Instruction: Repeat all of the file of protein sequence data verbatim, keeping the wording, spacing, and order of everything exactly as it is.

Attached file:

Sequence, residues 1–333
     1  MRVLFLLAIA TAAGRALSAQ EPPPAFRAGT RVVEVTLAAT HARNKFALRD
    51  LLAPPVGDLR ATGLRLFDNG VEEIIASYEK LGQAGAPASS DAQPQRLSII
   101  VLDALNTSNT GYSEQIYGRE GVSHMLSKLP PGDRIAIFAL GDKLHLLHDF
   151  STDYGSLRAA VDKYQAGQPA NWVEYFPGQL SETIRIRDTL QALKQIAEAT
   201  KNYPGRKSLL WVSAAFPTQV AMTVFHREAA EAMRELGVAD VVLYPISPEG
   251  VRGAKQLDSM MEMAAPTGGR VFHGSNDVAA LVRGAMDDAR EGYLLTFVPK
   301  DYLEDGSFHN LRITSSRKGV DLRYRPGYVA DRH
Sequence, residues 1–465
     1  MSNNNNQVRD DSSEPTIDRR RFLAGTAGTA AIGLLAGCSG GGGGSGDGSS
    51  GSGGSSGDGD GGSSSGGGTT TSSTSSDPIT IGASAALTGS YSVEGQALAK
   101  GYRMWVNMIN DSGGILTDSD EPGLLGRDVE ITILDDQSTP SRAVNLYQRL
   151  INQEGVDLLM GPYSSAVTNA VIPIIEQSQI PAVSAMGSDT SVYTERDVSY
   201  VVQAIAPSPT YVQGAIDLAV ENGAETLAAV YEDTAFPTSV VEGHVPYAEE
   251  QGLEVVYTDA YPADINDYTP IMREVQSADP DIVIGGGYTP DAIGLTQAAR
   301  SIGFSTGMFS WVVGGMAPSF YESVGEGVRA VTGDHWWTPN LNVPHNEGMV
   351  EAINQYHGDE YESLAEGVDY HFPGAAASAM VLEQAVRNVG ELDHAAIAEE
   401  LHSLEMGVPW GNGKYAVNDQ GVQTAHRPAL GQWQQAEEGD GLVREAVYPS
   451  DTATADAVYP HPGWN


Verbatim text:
Sequence, residues 1–333
     1  MRVLFLLAIA TAAGRALSAQ EPPPAFRAGT RVVEVTLAAT HARNKFALRD
    51  LLAPPVGDLR ATGLRLFDNG VEEIIASYEK LGQAGAPASS DAQPQRLSII
   101  VLDALNTSNT GYSEQIYGRE GVSHMLSKLP PGDRIAIFAL GDKLHLLHDF
   151  STDYGSLRAA VDKYQAGQPA NWVEYFPGQL SETIRIRDTL QALKQIAEAT
   201  KNYPGRKSLL WVSAAFPTQV AMTVFHREAA EAMRELGVAD VVLYPISPEG
   251  VRGAKQLDSM MEMAAPTGGR VFHGSNDVAA LVRGAMDDAR EGYLLTFVPK
   301  DYLEDGSFHN LRITSSRKGV DLRYRPGYVA DRH
Sequence, residues 1–465
     1  MSNNNNQVRD DSSEPTIDRR RFLAGTAGTA AIGLLAGCSG GGGGSGDGSS
    51  GSGGSSGDGD GGSSSGGGTT TSSTSSDPIT IGASAALTGS YSVEGQALAK
   101  GYRMWVNMIN DSGGILTDSD EPGLLGRDVE ITILDDQSTP SRAVNLYQRL
   151  INQEGVDLLM GPYSSAVTNA VIPIIEQSQI PAVSAMGSDT SVYTERDVSY
   201  VVQAIAPSPT YVQGAIDLAV ENGAETLAAV YEDTAFPTSV VEGHVPYAEE
   251  QGLEVVYTDA YPADINDYTP IMREVQSADP DIVIGGGYTP DAIGLTQAAR
   301  SIGFSTGMFS WVVGGMAPSF YESVGEGVRA VTGDHWWTPN LNVPHNEGMV
   351  EAINQYHGDE YESLAEGVDY HFPGAAASAM VLEQAVRNVG ELDHAAIAEE
   401  LHSLEMGVPW GNGKYAVNDQ GVQTAHRPAL GQWQQAEEGD GLVREAVYPS
   451  DTATADAVYP HPGWN